Belfry Press (Sept. 24 2010)
394 pages - 3.99 $
I have to say that once again, the cover attracted me, because it is quite disturbing. Then this book is the new edition of a book that has already been successful in the past. So I thought that I did not risk much by reading Hush!
What's your greatest fear?
It's criminal profiler Ivy Dunlap's job to unravel the psyches of the most dangerous men alive. None haunts her dreams more than the killer who took her son's life sixteen years ago, then silently disappeared into the dark. Now an urgent request for help from the Chicago police has reawakened Ivy's greatest nightmare. The Madonna Murderer has returned to fulfill his calling. This time Ivy understands the killer and will face her greatest fear to stop him from killing again.
What's good about it?
I liked the combination of cop and criminal psychologist whose true identity is hidden (even if the identity is mostly hidden from the cops, since we understand very quickly who she is). The characters are well written and complement each other well. The writing is fluid, it's an easy and quick reading. There's nothing complicated, we are dealing with a psychopath that we discover very early in the book. Yet Hush has a few surprises here and there. The possibility that Max's son is Ivy's is very well done, the mystery lingers (well, I won't give you the answer, you need to read the book!)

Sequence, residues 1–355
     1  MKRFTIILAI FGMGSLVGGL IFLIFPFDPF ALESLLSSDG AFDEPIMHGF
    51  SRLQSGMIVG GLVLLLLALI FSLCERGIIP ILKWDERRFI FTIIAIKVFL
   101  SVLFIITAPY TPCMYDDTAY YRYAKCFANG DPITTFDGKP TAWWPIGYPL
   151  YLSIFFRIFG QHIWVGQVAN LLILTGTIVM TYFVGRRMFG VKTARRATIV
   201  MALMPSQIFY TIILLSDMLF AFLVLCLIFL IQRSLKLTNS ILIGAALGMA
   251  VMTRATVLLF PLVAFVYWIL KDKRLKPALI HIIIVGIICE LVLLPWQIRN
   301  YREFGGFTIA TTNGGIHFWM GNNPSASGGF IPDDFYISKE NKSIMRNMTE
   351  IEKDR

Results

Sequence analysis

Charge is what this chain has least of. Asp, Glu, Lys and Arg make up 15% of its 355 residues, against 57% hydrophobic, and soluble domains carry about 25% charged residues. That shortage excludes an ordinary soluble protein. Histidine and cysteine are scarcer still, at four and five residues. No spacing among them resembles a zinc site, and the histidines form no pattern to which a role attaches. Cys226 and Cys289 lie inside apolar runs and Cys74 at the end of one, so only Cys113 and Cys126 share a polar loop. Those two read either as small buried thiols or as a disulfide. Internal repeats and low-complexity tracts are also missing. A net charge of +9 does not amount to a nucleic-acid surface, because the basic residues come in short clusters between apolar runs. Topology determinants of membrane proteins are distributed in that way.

Hush follows the traditional structure of the thriller, all the ingredients are there and well used. It's a race against time against the madness of a killer with a lousy and weird sense of empathy. Hush, it's also the traditional story of a love/hate relationship between mother and son, repeatedly used in thrillers, but still effective. So nothing very surprising, but still a good book because of Anne Frasier's quality of writing.
In a nutshell
A good novel, a race against time and well-written characters. It is a 3.5 / 5 for me.
Disclaimer: An e-galley of this title was provided to me by the publisher. No review was promised and the above is an unbiased review of the novel.